Pre Admission Biology
The Muscular System
I. Muscle Tissue Types
NOTE: This chapter will focus primarily on skeletal tissue.
II. Structure of Skeletal Muscle
(See page 135, figure 6-2)
A. Macroscopic level
1. Most muscles attach to two bones that have a movable joint in between them.
2. Origin: End of the muscle that is attached to the more stationary bone of the two bones.
3. Insertion: End of the muscle that is attached to the more movable bone of the two bones.
4. Tendon: anchors muscle to bone
5. Bursae:small fluid-like filled sacs lying between tendons and the bones beneath them
6.Synovial membranes: They line bursae and produce synovial fluid (a lubricant).
B. Microscopic level
(See page 136, figure 6- 3)
1. Muscle tissue consists of muscle fibers
2. Each muscle fiber consists of :
a. Thin myofilaments called actin
b. Thick myofilaments called myosin
3.Sarcomere:The basic functional or contractile unit of muscle
4. Z line: The dark bands that separate adjacent sacromeres
5. Sliding filament model explains how skeletal muscles contract:
Actin and myosin myofilaments attach to one another by bridges in the presence of calcium. The bridges pull the myofilaments past each other. This requires ATP.
III. Functions of Skeletal Muscle
1. Muscles work by pulling on bones
2. Skeletal muscles are under voluntary control
3. Skeletal muscles work in pairs called antagonistic pairs
a. Prime mover
One (of several muscles) that is primarily responsible for producing a particular movement by contracting
Other muscles that help the prime mover by contracting
The muscle that relaxes when the prime mover and the synergists contract
E.g. Movement of forearm "upwards"
Biceps brachii (prime mover)_________ Contracts
Brachii (synergist)___________________ Contracts
Triceps brachii (antagonist)____________ Relaxes
1. Muscles are made up of many muscle fibers.
2. Not all the muscle fibers in a muscle contract at the same time(usually).
3. Thus a muscle can have degrees of contraction.
4. Tonic contraction :
a. Only a few muscle fibers contract so the whole muscle does not shorten(contract)
b. Holds the body parts in positions that favor good functioning
c. Muscle tone maintains posture by counteracting the effect of gravity.
C. Heat production
1. The contraction of muscle fibers produces most of the heat required to maintain body temperature.
2. Normal body temperature is 37 degrees C or 98.6 degrees F
3. Hypothermia: when the body temperature drops way below normal
4. Fever: when the body temperature is higher than normal
IV. Muscle Stimulus and Muscle Contraction
A. Muscle Stimulus
1. Threshold stimulus:
Minimal level of stimulation required to cause a muscle fiber to contract completely
2. All or none"
When a muscle fiber is subjected to a threshold stimulus, it contracts completely.
NOTE: Whole muscles do not contract completely when given a threshold stimulus
3. Muscle fibers are stimulated by motor neurons. Their point of contact is called a neuromuscular junction. All of these structures make up the motor unit (see page 139, figure 6-4 in 11th edition).
4. Maximum stimulus:
The stimulus that beyond it the degree of contraction of whole muscle does not increase.
B. Types of Skeletal Muscle Contraction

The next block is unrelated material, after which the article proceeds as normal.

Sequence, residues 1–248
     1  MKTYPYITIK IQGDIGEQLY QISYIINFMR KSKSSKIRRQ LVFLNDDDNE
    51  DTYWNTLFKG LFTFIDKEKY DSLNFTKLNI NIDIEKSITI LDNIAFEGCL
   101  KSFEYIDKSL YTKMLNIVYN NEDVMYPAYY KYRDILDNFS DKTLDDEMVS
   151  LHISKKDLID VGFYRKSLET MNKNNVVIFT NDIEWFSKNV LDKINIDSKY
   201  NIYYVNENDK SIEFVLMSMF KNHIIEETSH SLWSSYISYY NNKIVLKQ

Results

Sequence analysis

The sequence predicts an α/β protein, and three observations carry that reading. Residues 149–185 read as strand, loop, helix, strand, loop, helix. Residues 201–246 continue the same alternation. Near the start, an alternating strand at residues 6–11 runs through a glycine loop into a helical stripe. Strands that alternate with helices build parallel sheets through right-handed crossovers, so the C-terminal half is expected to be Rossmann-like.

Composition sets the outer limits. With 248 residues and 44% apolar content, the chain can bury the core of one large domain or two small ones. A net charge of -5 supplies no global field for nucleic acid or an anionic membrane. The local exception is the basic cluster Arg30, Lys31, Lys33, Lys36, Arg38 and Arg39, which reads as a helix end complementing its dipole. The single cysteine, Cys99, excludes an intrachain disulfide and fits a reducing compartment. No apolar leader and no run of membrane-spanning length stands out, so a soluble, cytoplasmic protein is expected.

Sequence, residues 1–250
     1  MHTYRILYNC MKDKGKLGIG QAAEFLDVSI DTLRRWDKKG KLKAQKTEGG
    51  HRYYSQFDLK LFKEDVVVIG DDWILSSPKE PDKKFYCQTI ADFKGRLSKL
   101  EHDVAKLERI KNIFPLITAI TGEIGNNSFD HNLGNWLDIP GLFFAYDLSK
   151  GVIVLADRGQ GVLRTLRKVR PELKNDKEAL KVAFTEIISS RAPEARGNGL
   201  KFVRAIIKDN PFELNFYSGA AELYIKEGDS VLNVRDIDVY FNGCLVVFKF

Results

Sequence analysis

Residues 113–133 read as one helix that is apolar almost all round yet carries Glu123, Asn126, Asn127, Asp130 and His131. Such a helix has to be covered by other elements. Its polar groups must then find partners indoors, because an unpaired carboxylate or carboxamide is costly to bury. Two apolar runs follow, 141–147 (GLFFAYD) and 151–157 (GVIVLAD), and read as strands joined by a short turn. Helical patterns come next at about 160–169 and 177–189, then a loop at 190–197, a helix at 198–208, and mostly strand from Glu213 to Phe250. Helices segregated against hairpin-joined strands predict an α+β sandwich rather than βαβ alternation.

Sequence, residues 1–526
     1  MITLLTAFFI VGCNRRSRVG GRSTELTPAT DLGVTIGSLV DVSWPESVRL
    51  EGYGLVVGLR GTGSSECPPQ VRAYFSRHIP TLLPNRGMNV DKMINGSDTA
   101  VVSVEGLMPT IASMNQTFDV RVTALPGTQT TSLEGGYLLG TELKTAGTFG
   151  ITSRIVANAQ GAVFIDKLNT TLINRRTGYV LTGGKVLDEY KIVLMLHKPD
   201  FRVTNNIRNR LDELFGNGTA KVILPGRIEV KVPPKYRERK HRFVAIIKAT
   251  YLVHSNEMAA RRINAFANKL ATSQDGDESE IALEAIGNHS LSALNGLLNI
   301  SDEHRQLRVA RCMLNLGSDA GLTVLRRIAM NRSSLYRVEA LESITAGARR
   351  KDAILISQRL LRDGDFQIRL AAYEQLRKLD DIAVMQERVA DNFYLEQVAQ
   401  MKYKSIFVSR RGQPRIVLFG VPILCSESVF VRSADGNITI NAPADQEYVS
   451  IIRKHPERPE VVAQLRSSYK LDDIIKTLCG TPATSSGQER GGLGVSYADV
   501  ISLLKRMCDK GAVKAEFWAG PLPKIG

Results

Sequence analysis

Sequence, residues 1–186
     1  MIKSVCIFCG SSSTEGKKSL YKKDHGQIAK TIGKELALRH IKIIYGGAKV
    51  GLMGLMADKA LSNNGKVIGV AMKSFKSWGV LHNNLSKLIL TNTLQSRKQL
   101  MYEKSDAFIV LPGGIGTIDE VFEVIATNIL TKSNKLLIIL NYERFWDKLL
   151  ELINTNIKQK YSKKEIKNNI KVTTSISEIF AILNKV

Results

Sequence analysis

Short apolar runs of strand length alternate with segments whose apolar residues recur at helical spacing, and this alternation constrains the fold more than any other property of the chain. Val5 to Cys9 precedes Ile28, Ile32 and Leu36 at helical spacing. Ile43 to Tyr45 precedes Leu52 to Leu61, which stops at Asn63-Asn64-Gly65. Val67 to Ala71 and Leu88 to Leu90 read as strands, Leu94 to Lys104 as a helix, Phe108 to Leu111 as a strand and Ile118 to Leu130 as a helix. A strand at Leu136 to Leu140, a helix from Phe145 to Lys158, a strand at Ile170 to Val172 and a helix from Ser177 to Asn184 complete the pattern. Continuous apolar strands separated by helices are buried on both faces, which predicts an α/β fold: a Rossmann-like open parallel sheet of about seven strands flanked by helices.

1. Tonic contraction:
Maintains muscle tone and posture
2. Tetanic contraction:
A more sustained and steady response
Where contractions together to produce a sustaines contraction (tetanus) as a result of repeated stimuli (on a graph).
Twitch is a quick, jerky response to a stimulus and occurs in isolated muscles. Twitch plays a minimal role in normal muscle activity.
3. Isotonic contraction:
Where the muscle shortens and the insertion end moves towards the origin end
Causes movement at a joint
(E.g.) walking, running, lifting
Where the muscle's tension increases, but the muscle does not shorten and no movement results
Repeated isometric contractions make muscles grow longer and stronger.
(E.g.) pushing against a wall
If a muscle is repeatedly stimulated beyond tetanic contraction without a period of rest, the muscle contraction decreases and eventually loses its ability to contract.
C. Effects of Exercise on Skeletal Muscles
1. During exercise ATP is used for muscle contraction. Aerobic respiration of nutrients (w. O2) is required to replace the ATP. Sometimes due to the intensity and/or duration of the exercise, the muscles blood supply cannot keep up. When the O2 supply runs low, the muscle switches to anaerobic fermentation. This results in lactic acid build up which produces muscle soreness.
2. Oxygen Debt:
After strenuous physical activity the oxygen required in the recovery period, in addition to that required while resting, to oxidize the excess lactic acid produced and to replenish the depleted stores of ATP and phosphocreatinase. (Taber's Cyclopedic Medical Dictionary 17th edition.)
3. Disuse atrophy:
Muscles shrink in mass due to prolonged inactivity
Muscles increase in mass due to exercise
5. Endurance / Aerobic training:
Exercise that increases the muscle's ability to sustain moderate activity over a long period and does not usually result in muscle hypertrophy.
It increases the number of blood vessels in a muscle and the number of mitochondria (ATP)
V. Movements Produced by Skeletal Muscle Contractions
1. Makes the angle between two bones at their joint smaller
2. Bending movement
1. Makes the angle between two bones at their joint larger
2. Straightening or stretching movements
1. Moving body part away from midline
1. Moving body part towards the midline
1. Hand is palm or face up
1. Hand is palm down or face down
1.Top of foot elevated with toes pointing up
H. Plantar flexion
1. Bottom of foot is downward pointed so you stand on your toes
1. Circular motion around a longitudinal axis